HP overtakes Cisco in cloud infrastructure battle - finally
FYI, this story is more than a year old
After nipping at Cisco’s heels for two years, HP finally overtook arch rival Cisco in the cloud infrastructure equipment battle in Q2, albeit by the slimmest of margins.
Synergy Research Group says after tying in Q1 with 13%, HP finally wrestled top spot from Cisco which declined by half a percentage point, while HP remained consistent on 13%.
The research firm says the two leading vendors are each achieving ‘stellar’ revenue growth in the burgeoning market.
Synergy Research says Cisco continues to hold a commanding lead in public cloud infrastructure, while HP has a clear lead in private cloud – which could be good news for Hewlett Packard Enterprise, which will handle the enterprise side of the current HP business following HP’s 01 November split into two separate companies.
Synergy Research says total cloud infrastructure equipment revenues, including hardware and software, are now running at $16 billion per quarter, having grown by 25% year on year.
The company attributes HP’s cloud infrastructure leadership to the vendor’s domination in the cloud server segment and being a main challenger in storage. Cisco’s position meanwhile, is due mainly to its dominating the networking segment, while rapidly growing its position in servers.
Jeremy Duke, Synergy Research Group founder and chief analyst, says the public cloud services market is booming and driving heavy investment in cloud infrastructure, while a rapid transition to cloud is also in full swing in the enterprise IT market.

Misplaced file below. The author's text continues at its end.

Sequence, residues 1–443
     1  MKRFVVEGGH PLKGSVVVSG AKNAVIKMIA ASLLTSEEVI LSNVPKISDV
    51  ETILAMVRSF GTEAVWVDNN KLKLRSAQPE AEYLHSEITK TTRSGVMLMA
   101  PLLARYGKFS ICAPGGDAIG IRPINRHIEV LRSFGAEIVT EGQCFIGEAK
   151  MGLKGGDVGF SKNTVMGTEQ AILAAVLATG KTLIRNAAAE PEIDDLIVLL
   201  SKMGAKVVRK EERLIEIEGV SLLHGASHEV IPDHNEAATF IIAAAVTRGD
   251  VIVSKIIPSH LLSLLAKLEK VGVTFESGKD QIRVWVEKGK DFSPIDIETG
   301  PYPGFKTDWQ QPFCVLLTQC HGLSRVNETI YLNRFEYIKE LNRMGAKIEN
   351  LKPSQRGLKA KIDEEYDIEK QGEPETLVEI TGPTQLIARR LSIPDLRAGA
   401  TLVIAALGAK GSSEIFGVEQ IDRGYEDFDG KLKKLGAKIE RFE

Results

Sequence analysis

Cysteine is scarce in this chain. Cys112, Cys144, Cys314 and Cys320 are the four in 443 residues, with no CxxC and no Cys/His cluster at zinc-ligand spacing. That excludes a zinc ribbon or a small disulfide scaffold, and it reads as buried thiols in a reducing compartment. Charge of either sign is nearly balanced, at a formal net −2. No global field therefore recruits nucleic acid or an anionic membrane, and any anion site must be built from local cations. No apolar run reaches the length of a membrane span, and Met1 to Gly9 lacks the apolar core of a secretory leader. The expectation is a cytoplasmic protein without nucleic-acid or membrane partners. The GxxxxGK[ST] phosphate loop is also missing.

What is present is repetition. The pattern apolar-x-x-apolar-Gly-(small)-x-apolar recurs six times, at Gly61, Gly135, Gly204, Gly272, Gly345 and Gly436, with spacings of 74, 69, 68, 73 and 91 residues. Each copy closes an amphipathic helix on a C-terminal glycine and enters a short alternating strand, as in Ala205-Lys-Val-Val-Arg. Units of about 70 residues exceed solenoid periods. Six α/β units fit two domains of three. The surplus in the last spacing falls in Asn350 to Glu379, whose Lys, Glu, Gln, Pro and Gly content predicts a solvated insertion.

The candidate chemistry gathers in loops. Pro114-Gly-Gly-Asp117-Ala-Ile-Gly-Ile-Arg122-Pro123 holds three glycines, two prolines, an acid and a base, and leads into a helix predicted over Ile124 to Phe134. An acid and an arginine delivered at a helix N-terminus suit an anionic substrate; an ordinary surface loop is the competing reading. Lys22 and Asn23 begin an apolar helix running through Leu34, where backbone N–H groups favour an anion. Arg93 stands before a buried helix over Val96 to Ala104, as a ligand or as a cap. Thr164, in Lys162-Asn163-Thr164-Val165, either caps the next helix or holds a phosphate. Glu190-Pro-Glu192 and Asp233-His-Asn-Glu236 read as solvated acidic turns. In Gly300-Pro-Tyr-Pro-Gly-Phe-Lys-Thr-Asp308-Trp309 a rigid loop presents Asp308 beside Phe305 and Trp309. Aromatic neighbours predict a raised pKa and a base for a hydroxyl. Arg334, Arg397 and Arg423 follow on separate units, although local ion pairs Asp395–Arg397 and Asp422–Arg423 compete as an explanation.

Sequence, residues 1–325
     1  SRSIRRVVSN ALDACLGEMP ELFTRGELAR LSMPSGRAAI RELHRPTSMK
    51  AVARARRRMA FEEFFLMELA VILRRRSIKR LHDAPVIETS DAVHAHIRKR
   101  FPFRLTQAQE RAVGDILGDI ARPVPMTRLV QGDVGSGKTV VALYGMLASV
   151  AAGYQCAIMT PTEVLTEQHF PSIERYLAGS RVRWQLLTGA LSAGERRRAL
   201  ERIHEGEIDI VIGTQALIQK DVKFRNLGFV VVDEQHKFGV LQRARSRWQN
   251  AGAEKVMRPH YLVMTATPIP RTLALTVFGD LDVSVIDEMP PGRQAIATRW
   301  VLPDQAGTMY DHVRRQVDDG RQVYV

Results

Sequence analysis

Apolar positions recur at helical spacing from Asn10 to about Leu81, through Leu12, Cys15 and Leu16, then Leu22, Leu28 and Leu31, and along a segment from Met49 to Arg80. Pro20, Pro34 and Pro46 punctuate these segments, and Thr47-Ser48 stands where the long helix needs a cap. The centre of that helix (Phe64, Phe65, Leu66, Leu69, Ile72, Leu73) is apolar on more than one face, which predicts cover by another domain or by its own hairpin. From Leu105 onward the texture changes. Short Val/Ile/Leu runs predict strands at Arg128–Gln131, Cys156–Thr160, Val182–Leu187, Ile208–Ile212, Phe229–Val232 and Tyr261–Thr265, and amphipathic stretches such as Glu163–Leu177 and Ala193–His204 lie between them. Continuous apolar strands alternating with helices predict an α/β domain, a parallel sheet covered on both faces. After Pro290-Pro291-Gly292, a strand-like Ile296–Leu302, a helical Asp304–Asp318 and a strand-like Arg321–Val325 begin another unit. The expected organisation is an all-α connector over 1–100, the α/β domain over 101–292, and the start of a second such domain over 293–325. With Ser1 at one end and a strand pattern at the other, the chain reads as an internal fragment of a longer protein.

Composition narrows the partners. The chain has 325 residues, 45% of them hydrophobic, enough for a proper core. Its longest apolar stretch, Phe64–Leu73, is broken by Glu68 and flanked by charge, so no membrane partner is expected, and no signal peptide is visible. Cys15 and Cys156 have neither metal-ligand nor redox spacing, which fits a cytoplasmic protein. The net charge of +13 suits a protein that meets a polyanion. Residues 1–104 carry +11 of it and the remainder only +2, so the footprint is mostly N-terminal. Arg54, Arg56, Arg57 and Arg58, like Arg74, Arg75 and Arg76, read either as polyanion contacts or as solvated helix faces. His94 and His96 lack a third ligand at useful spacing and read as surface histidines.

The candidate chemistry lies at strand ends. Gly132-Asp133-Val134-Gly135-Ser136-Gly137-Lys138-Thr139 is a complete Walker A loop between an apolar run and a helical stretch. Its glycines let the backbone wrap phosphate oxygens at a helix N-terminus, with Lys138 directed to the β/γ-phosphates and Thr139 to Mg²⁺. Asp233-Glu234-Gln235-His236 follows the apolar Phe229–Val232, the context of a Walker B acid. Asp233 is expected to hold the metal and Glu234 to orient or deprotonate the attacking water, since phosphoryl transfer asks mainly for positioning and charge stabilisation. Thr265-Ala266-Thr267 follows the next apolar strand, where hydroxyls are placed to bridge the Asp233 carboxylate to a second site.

“Cisco continues to ride these waves very successfully, but what has enabled HP to grab the lead is the fact that servers and storage account for almost two-thirds of the market and HP is now rapidly evolving its huge business in these segments,” Duke says.
“By contrast, Cisco dominates the smaller networking segments, while its burgeoning cloud server business still lags far behind HP in scale.”
Microsoft also features in the rankings, taken third spot, due to its position in server operating systems and virtualisation applications, while Dell and IBM maintain a strong position across a range of cloud technology markets.
The research company says servers, operating systems, storage and networking combined account for 89% of the cloud infrastructure market, with the balance comprising cloud security, cloud management and virtualisation applications.
Duke says the market is ‘huge’ and is growing rapidly and in aggregate the two leaders only account for a quarter of it – much the same as they did one year ago.